Several subcortical structures have also been implicated in mania circuit dysfunction, the basal ganglia in particular [14, 22, 38]. Patients with mania had increased activity in the left basal ganglia, namely the globus pallidus and caudate, in a reaction-time task [53] and in response to affective simuli [27], when compared to healthy subjects, as well as bipolar depression [53] and euthymia [52]. Interestingly, and similar to what was described above for lateralized dysfunction of the amygdala, reduced activation of the right caudate in a reaction-time task was found in mania when compared to bipolar depression [53]. Nevertheless, the available evidence is mostly supportive of hyperactivity of the left basal ganglia in mania, supporting the importance of such structures in the regulation of emotional behavior [54, 55]. While other cortical and subcortical regions have also been implicated in the functional neuroanatomy of mania, these findings have not been consistently replicated, and cannot be appropriately interpreted in the current state of the art. Among others, they include not only increased activation of left supplementary motor area [53], left insula [29], and bilateral posterior cingulate [29] but also reduced activation of right primary motor cortex [53], right posterior cingulate [47], supplementary motor area [48], bilateral parietal cortex [48], bilateral [48] or left [51] precuneus, left middle temporal gyrus [51], left [51] and right [53] thalamus, and bilateral nucleus accumbens [56].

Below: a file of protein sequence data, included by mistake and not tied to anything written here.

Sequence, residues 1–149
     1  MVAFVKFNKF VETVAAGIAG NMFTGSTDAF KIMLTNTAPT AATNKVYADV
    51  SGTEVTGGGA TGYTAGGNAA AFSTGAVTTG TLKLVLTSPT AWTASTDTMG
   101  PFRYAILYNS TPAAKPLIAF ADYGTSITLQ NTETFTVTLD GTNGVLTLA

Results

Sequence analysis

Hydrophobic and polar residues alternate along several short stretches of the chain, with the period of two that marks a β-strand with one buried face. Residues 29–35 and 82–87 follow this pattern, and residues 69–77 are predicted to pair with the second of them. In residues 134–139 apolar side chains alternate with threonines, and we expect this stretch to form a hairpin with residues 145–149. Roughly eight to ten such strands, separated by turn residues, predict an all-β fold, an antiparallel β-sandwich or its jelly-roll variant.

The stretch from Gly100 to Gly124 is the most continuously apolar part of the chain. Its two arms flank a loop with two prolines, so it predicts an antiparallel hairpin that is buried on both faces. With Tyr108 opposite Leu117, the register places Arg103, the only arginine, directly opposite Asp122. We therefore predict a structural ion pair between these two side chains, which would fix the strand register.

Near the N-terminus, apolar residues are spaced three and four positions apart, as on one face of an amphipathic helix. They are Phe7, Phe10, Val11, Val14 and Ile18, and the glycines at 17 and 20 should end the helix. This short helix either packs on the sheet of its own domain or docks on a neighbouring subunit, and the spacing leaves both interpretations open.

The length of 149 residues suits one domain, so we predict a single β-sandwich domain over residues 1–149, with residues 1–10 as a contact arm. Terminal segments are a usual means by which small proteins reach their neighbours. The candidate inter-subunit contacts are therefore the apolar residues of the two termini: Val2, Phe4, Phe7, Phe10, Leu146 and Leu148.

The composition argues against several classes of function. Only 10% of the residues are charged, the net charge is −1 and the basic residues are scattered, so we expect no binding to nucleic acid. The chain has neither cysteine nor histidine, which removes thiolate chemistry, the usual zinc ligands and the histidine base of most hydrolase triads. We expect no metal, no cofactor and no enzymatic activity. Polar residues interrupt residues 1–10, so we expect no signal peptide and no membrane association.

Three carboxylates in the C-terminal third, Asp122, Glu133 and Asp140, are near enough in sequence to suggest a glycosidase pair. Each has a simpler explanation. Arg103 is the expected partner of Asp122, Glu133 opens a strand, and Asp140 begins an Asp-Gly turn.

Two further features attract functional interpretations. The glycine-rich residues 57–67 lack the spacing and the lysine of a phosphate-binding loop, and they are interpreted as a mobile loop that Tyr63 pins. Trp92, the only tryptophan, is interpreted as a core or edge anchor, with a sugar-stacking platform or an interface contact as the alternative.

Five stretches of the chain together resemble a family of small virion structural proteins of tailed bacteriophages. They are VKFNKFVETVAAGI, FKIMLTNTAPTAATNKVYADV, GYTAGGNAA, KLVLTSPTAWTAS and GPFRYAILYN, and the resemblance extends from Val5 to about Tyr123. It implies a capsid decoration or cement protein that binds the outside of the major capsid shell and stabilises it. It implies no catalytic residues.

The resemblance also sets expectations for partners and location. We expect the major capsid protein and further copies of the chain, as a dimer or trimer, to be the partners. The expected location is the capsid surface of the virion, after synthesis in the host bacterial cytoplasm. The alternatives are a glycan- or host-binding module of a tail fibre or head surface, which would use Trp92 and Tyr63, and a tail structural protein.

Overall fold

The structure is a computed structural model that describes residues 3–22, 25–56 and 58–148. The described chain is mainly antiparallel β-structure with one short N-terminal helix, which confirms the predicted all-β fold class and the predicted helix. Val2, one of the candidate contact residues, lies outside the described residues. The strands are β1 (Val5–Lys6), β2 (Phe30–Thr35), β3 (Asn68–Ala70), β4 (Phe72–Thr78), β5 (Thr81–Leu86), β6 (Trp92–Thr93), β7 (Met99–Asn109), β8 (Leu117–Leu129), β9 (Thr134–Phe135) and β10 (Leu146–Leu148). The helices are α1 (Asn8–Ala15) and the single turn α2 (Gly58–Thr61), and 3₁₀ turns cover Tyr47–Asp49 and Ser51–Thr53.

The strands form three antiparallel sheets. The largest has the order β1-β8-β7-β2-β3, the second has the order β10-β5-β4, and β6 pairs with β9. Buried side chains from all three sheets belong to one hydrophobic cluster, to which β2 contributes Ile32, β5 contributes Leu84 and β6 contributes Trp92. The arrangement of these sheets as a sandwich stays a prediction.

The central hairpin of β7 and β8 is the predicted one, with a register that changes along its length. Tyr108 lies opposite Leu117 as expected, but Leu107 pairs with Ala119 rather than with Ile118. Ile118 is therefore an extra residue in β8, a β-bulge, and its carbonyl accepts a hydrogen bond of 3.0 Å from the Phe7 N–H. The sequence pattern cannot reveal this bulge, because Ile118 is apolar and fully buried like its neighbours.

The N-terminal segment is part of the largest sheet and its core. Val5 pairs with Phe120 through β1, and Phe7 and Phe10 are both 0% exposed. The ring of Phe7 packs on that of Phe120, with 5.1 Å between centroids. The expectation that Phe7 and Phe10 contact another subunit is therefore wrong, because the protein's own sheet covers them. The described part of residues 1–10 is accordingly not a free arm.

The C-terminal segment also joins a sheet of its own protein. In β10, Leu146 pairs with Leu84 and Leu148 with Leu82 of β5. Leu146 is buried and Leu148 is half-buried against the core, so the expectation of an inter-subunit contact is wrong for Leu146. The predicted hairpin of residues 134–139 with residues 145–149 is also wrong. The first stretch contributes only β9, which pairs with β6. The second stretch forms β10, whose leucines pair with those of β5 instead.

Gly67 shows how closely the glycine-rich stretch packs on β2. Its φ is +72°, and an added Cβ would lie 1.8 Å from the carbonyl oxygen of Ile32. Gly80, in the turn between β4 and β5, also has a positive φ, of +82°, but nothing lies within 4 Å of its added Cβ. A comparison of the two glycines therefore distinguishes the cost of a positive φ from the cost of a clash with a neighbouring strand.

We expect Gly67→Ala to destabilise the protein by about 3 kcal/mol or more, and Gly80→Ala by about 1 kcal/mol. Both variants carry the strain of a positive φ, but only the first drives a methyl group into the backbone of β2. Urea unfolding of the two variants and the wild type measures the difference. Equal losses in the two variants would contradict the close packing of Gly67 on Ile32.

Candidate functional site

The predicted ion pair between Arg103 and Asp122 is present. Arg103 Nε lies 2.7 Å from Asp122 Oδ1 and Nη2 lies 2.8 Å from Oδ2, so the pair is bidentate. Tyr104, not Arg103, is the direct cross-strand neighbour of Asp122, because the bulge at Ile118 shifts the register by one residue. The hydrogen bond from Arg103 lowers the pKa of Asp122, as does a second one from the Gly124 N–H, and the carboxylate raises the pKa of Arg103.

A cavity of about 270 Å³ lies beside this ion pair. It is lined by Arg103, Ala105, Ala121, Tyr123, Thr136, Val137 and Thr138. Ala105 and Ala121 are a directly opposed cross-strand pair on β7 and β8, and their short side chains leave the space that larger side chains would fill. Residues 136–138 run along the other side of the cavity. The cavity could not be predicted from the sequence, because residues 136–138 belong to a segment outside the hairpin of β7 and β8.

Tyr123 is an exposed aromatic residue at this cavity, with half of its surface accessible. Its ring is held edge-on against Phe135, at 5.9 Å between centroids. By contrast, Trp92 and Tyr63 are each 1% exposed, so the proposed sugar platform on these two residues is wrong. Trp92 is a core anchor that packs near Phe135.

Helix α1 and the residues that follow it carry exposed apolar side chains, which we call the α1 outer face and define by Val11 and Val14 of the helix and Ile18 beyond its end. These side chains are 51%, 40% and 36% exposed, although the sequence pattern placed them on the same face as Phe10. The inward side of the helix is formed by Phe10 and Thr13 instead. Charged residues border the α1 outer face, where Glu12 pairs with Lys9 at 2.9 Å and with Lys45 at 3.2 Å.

Noteworthy, three studies reported functional neuroimaging changes before and after mania treatment, i.e., in mania vs. euthymic state, using within-subject analyses. Two of these studies reported bilateral VMPFC (BA11) hyperactivity that remained after treatment [27, 48], suggesting that this may be a potential trait biomarker for bipolar disorder. These findings are inconsistent with the third longitudinal study reporting that, in a reward decision-making task, patients with mania no longer showed activity changes in left VMPFC and VLPFC after symptom remission [47]. Such heterogeneity of results supports a complex role for the VMPFC in the functional neuroanatomy of mania, further supported by the fact that, in response to certain stimuli, BA10/BA11 is hypoactive in patients with mania compared to a different group of euthymic patients, using between-subject analyses [46], while in response to other stimuli BA11 is inappropriately activated in patients with bipolar disorder, irrespective of mood state [27, 48]. These longitudinal studies have also suggested candidates for state markers of mania, that were not observed when patients entered euthymia. In fact, in comparisons to euthymic state, patients during mania were reported to have decreased activation in left DLPFC/precentral cortex (BA6) and bilateral superior parietal cortex/precuneus (BA7) by some authors [48], or in the right hippocampus and right amygdala by others [27]. Moreover, considering that left amygdala hyperactivity is a consistent finding in mania [24,25,26], it is also reasonable to consider that imbalanced activity between the left (elevated) and right (reduced) amygdalae may be a more accurate correlate of mania [28]. Further and better powered longitudinal studies, with experimental designs explicitly assessing differences in activity between the right and left hemispheres, are necessary to clarify potential roles for the activity of these brain regions as state markers of mania, or trait markers of bipolar disorder, ideally while resolving conflicting findings from previous studies [27, 46]